Farmscape for May 14, 2012
An agricultural economist with the University of Missouri warns the prospects of lower feed costs could trigger an expansion of the U.S. sow herd that would aggravate the current over-supply of pork.
A combination of lower live hog prices due to sluggish domestic and export demand for pork and continuing high feed costs has pushed most North American pork producers back into the red.
Dr. Ron Plain, an agricultural economics professor with the University of Missouri, observes contrary to seasonal trends hog prices are lower than they were a month ago and feed costs are still high.
Clip-Dr. Ron Plain-University of Missouri:
The outlook is for a lot lower feed costs so USDA is forecasting we're going to plant the most acres to corn here in the United States since 1937 so if the weather cooperates, and we're off to a very good start, spring plantings are well above normal.
It's been fairly warm and dry and if we have a good growing season we're looking easily at a record corn crop so a guy's got to worry about a herd expansion.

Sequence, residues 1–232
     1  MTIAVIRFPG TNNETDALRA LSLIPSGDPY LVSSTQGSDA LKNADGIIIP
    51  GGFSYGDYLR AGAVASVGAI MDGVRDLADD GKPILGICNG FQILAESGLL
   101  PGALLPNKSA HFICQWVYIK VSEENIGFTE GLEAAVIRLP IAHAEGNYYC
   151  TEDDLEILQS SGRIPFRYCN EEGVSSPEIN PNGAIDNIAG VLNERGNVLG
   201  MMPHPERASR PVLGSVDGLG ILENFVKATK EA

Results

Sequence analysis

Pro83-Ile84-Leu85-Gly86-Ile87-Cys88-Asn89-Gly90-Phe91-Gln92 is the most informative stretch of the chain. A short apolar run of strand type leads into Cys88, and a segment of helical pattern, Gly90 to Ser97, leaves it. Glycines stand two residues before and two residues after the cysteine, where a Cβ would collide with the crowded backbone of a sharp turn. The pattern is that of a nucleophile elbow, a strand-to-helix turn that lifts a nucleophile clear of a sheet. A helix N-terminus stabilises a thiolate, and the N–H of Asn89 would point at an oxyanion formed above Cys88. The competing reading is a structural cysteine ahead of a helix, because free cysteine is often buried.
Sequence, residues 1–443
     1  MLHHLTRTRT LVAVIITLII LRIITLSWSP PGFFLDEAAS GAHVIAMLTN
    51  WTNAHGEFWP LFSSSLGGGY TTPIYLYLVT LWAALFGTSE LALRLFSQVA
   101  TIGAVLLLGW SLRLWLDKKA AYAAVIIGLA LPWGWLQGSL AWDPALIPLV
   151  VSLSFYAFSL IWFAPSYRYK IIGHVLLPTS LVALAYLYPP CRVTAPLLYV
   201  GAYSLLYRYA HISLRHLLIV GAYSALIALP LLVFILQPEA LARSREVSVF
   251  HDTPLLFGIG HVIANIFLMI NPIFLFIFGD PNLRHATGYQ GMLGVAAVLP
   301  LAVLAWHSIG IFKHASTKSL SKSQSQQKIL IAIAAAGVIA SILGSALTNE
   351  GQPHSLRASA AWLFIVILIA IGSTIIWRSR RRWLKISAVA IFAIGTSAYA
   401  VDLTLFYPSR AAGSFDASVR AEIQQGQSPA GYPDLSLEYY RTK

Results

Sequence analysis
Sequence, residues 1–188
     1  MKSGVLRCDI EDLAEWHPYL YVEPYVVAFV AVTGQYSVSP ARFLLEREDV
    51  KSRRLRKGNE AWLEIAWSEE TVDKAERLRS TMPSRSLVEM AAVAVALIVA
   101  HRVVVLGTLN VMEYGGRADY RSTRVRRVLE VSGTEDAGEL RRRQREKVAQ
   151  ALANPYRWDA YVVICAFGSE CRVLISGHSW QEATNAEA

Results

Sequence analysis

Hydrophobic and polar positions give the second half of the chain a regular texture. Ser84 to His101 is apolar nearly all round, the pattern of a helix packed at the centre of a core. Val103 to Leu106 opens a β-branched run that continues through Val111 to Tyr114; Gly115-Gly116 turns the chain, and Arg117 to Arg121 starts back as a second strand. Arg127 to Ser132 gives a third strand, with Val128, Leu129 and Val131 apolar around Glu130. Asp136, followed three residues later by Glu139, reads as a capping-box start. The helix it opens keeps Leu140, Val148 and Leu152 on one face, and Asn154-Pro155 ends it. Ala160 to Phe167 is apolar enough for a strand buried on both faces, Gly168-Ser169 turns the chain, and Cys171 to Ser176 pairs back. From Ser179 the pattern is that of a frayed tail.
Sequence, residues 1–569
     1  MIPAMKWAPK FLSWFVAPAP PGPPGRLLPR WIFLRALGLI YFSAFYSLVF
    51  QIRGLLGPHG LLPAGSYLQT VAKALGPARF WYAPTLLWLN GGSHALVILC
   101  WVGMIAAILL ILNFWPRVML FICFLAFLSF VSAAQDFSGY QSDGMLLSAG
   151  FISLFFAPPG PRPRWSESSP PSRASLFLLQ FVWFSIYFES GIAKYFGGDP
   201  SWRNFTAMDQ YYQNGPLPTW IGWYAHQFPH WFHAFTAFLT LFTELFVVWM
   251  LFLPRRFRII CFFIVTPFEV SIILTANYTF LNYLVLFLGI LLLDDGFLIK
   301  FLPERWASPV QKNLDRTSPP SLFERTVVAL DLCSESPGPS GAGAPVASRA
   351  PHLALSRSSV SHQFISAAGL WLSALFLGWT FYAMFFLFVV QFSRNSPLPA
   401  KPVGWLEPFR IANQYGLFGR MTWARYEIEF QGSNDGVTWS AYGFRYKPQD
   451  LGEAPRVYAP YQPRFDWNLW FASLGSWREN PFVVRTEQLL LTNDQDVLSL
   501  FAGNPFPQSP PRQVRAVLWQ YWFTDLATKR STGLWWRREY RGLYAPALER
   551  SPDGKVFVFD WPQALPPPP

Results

We've not had much growth at all in the breeding herd in North America despite record hog prices and a lot of that I attribute to the fact that feed costs have been so high and the feed grain supply so tight.
Once we start looking at much lower corn prices and more adequate feed grain supply I really worry that we're going to start saving gilts and expand the breeding herd.
If so that's going to mean more hogs on the market in 2013 and unless we get some better demand that could be a very tough situation.
Dr. Plain says in the short term managing feed costs will be critical.
He recommends buying hand to mouth and keeping a close watch on the weather.
For Farmscape.Ca, I'm Bruce Cochrane.
*Farmscape is a presentation of Sask Pork and Manitoba Pork Council